Under Missouri law before August 1989, a valid power of attorney had to spell out in detail all of the authorizations granted to the agent. Under a new Missouri law adopted in August 1989, it is possible to have a general power of attorney that authorizes the agent to act for the principal on every kind of subject or matter that may legally be handled through an agent, with certain specific exceptions mentioned below. However, it is still recommended that the power of attorney include as much detail as possible.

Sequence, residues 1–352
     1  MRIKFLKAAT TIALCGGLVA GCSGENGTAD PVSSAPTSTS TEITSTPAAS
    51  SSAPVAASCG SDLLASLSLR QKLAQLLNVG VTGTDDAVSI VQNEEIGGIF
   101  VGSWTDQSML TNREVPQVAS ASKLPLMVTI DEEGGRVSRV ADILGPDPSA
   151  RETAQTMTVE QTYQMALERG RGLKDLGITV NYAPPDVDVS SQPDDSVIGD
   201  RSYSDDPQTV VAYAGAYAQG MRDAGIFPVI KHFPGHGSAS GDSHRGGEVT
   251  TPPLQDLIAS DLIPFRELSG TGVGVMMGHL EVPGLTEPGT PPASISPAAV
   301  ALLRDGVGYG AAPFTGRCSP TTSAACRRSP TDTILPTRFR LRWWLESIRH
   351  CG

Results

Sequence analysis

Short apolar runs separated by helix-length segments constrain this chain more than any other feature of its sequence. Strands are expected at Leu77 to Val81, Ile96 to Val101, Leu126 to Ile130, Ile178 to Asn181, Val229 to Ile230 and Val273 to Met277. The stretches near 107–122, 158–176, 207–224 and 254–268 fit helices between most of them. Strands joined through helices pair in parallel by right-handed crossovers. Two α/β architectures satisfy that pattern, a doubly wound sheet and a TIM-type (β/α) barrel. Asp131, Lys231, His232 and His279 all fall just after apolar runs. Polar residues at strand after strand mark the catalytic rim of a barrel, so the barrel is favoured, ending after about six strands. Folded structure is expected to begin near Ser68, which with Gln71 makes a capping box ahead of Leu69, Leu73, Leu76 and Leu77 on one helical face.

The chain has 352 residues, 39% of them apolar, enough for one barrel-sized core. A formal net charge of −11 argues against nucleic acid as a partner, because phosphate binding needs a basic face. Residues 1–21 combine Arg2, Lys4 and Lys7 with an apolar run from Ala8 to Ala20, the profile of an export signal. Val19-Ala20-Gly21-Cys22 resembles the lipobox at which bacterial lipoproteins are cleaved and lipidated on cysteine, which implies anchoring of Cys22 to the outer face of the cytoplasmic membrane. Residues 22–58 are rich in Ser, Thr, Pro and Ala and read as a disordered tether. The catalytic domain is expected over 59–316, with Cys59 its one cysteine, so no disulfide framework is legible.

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This article is intended to be helpful and informative. But even common legal matters can become complex and stressful. A qualified estate planning lawyer can address your particular legal needs, explain the law, and represent you in court. Take the first step now and contact a local estate planning attorney to discuss your specific legal situation.